01/04/2019. It’s no secret that the level of education in Madagascar is gradually falling. In spite of the efforts made by parents to send their children to school, the country has a very big thorn in its side, which has been getting infected since 1975: there are fewer and fewer teachers on the Big Island. To make up for this lack, parents have decided to recruit teachers that they themselves pay very low prices in general: the FRAM teachers. Today, there are 75,000 teachers in rather precarious working conditions, yet the level of Malagasy national education does not seem to be changing at all. So, are FRAM teachers really the right solution to advance our children’s education? To clear up this vagueness that has remained unclear for nearly 45 years, we at Stileex Post have combed every neighbourhood of Antananarivo to get the opinion of the Tananarivian population on FRAM teachers.
We would like to thank the 907 people in the different sectors of Antananarivo who voluntarily answered our questions during the investigation.
The Tananarivians don’t really know the FRAM masters
In the field surveys, we were careful to balance gender, socio-professional categories and age groups with a minimum age of 18. The result was quite surprising. Indeed, 59% of Tananarivians know what a FRAM master is. Therefore, there are still 41% who still do not know the role of these teachers. Apparently, this percentage is still too high. So, to give a little boost to Malagasy teaching, we are going to (re)discover together what a FRAM master is.
First of all, FRAM is the acronym for Fikambanan’ny Ray aman-dRenin’ny Mpianatra, or literally the parents’ association. Since the abundance of public primary schools in Madagascar, and the state was no longer able to respond to the needs of parents, this association was forced to recruit the teachers who would take care of their children, even if the children had no training in pedagogy. That was the origin of the FRAM teacher.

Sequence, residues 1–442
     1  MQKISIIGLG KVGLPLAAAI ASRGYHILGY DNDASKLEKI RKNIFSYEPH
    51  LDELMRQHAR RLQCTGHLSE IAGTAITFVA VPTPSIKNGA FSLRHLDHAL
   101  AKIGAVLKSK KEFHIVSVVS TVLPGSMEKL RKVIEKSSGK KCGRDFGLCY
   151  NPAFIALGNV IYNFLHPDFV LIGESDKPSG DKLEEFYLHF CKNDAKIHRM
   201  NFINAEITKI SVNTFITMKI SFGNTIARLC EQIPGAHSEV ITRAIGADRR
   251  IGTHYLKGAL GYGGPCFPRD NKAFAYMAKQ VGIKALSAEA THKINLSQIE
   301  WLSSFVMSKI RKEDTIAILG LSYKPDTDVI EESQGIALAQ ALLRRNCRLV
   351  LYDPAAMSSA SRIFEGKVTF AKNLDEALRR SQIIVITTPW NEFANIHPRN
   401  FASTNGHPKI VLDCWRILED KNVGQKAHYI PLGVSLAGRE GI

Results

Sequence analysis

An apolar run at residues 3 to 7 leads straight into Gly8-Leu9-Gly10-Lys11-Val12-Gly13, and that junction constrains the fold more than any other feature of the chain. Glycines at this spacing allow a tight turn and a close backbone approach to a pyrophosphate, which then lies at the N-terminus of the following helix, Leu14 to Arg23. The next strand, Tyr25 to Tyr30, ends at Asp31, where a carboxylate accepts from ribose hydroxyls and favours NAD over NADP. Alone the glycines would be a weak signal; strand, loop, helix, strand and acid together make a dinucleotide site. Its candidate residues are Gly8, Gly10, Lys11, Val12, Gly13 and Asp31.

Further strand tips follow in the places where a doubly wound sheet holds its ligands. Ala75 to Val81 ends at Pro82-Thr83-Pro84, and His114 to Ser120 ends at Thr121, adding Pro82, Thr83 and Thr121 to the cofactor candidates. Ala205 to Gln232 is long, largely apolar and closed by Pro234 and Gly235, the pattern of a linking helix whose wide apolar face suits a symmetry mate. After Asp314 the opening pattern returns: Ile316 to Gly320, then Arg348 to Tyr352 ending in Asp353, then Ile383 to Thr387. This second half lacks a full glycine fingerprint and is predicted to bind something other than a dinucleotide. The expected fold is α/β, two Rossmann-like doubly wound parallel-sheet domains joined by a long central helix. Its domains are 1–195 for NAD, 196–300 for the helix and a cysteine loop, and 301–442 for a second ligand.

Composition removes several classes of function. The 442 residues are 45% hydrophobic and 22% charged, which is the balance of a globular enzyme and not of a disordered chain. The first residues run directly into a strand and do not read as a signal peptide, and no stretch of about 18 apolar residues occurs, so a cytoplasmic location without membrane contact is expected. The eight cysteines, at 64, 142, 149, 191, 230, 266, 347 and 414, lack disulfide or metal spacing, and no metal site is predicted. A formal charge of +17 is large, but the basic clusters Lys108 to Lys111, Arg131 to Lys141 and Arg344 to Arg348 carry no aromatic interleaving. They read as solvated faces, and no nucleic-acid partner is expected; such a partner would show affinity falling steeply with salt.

Fortunately, a majority (53%) know that it is the parents of the students themselves who pay the FRAM teachers throughout the country. It is also sad, but according to documents, only 2 out of 10 parent-teachers have attended training in national institutes, namely the INFP (Institut National de Formation Pédagogique). A FRAM teacher currently receives a modest bi-monthly salary of 220,000 Ariary on average.
Is the subject of FRAM masters taboo?
Throughout the investigation, we noticed that a large part of the population of Antananarivo did not like to talk too much about FRAM and everything related to it. I agree, the subject of national education is always quite “sulphurous”, but far from being forbidden. We think that the subject of FRAM teachers is not at all taboo, yet on average 40% of Tananarivians refused to answer some of our questions, including whether or not Madagascans needed FRAM teachers. They also left out other questions about the working conditions of these parent teachers, and of course whether they should be taken on as civil servants.
The people of Antananarivo are very divided